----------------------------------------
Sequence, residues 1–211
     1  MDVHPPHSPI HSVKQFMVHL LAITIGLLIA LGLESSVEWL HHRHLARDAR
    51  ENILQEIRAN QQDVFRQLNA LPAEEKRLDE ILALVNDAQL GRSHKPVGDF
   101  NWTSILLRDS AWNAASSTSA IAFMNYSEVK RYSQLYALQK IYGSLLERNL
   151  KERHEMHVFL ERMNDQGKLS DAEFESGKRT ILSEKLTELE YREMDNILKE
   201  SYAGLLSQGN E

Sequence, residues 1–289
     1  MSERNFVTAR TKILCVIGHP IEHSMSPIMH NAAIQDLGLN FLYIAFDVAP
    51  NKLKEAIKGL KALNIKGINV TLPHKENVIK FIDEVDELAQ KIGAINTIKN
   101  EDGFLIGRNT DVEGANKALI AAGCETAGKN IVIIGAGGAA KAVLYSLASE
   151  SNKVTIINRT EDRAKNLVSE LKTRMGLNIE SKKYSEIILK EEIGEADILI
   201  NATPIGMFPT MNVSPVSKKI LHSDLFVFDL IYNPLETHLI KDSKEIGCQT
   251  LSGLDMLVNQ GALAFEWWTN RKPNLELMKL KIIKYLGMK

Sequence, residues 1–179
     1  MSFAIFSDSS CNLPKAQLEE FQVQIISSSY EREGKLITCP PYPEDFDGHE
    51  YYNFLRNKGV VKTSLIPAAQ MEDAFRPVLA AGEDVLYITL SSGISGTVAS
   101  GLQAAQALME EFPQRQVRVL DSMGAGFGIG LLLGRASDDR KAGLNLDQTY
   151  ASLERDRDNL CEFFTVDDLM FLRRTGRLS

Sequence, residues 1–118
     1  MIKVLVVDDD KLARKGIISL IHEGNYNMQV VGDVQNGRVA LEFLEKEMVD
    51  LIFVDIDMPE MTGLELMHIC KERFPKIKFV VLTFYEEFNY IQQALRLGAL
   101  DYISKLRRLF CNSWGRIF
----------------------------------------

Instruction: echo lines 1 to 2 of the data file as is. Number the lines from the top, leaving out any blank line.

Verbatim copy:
Sequence, residues 1–211
     1  MDVHPPHSPI HSVKQFMVHL LAITIGLLIA LGLESSVEWL HHRHLARDAR